Inside Energy Questions: Is Fracking Dangerous?

There are many hazards associated with oil and gas development: air and water pollution, accidents, and threats to mental health. Clearly, oil and gas development can be dangerous, but HOW dangerous? And for whom? That’s what we will try to lay out in this story, with some important caveats to keep in mind: Some hazards are very likely to happen; Some hazards have a low probability of happening Some hazards are very...

Even Big Oil doesn’t like the EPA’s methane rollba...

Powerful members of the fossil fuel lobby support the Trump administration’s rollback, but not all of the industry is on board. The Environmental Protection Agency (EPA) on Thursday announced it will reverse Obama-era limitations on the greenhouse gas methane, which is far more potent than carbon dioxide and often associated with fracking. In a statement Thursday, EPA Administrator Andrew Wheeler said the Trump...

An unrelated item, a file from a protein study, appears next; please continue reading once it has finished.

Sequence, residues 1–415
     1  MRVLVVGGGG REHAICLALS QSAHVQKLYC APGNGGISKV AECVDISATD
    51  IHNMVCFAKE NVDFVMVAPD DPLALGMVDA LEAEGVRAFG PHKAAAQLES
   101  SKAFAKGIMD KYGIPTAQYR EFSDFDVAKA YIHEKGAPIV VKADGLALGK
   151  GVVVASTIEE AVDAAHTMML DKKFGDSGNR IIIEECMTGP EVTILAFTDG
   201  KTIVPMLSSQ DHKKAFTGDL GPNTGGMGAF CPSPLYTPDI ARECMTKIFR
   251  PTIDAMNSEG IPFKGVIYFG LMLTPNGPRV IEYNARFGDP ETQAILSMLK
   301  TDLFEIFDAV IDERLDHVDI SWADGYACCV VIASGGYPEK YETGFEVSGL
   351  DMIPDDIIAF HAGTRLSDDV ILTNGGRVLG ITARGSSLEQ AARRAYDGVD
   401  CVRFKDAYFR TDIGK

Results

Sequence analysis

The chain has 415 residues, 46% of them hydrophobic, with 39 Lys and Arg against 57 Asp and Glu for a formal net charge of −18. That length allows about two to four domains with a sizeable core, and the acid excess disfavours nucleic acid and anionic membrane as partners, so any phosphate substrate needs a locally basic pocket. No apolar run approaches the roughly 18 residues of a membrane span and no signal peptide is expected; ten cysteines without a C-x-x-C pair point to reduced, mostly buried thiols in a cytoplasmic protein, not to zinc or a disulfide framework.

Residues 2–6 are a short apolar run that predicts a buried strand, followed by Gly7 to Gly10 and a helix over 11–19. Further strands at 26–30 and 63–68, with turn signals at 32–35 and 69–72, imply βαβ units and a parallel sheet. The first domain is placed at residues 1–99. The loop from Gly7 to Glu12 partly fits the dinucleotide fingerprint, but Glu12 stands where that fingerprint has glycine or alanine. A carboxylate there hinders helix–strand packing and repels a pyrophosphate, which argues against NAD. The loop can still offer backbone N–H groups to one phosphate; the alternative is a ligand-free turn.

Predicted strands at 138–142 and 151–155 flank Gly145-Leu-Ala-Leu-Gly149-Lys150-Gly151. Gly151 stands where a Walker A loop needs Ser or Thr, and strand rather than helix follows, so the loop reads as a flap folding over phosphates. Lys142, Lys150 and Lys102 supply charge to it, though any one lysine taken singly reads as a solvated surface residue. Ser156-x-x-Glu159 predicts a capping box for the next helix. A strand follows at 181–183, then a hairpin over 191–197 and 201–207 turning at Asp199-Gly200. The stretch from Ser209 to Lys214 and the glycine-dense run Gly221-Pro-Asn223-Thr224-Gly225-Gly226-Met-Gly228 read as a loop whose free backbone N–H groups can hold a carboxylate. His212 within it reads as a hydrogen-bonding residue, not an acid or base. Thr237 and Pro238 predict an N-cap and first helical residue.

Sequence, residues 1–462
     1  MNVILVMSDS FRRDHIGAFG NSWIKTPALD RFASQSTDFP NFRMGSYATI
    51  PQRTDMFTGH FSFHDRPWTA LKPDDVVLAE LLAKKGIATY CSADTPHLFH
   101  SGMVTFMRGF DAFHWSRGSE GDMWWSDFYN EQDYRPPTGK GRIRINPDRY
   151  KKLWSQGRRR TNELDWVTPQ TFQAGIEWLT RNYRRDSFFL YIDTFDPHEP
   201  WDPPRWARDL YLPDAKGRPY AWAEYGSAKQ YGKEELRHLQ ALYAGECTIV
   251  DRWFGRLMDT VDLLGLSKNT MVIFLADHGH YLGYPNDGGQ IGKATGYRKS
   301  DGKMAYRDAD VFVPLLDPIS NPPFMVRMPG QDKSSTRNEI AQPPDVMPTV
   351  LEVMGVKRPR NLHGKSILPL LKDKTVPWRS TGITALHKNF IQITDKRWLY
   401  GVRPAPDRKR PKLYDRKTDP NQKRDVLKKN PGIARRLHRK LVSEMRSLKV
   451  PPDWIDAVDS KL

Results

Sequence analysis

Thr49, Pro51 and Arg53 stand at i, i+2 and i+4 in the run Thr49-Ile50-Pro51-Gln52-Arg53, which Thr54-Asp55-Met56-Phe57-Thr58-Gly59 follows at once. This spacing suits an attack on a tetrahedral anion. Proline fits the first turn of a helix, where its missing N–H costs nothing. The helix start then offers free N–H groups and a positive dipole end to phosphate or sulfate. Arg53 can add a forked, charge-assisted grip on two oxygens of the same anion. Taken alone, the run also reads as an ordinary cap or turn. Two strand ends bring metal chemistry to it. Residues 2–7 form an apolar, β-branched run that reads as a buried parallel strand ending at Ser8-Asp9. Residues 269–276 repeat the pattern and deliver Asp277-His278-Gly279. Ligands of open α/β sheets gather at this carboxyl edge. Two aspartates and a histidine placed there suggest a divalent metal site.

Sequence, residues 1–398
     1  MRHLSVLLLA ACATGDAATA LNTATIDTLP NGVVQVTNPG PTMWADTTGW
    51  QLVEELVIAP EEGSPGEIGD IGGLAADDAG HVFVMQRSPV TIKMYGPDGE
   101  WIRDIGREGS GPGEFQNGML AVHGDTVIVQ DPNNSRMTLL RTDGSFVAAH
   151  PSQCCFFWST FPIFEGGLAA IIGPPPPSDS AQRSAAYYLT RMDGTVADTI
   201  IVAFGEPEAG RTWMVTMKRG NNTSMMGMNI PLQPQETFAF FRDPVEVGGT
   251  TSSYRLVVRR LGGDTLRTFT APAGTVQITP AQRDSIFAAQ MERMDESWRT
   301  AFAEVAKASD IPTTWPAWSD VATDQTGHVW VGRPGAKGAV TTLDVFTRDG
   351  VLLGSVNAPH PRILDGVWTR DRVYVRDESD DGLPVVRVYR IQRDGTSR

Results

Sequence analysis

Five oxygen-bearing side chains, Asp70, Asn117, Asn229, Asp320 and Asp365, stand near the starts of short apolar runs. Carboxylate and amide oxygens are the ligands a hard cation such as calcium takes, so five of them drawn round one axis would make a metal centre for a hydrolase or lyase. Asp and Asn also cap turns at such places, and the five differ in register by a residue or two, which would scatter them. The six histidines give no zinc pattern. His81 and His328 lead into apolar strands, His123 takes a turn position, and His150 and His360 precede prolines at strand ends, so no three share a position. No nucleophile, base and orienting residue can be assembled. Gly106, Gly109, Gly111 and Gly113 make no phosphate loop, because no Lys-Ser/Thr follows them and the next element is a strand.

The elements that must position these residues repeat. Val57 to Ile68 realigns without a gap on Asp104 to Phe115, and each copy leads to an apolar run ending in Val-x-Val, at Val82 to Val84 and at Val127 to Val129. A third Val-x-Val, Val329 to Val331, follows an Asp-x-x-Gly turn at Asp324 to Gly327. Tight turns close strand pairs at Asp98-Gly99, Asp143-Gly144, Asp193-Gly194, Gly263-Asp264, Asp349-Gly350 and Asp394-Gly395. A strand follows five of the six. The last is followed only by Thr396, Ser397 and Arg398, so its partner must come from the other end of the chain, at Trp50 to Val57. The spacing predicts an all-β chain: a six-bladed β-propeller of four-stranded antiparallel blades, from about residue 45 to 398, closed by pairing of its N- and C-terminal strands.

Fracking may be a bigger climate problem than we t...

A shale gas drilling rig, against the obligatory stock photo sunset.Shutterstock As greenhouse gases go, methane gets less attention than carbon dioxide, but it is a key contributor to climate change. Methane doesn’t stay in the atmosphere as long as CO2 and is reabsorbed into terrestrial cycles via chemical reactions within 12 years or so. But while it’s up there, it’s much more potent, trapping heat at roughly 84 times the...

The wheels come off shale oil

  A flurry of coverage about the gloom and outright calamity in the shale oil business appeared last week. Low prices continue to dog the industry. But so does lack of investor interest in financing loss-making operations for yet another season. Plunging stock prices portend more bankruptcies if circumstances don’t change. I received considerable pushback last January when I asked whether U.S. shale oil had entered a...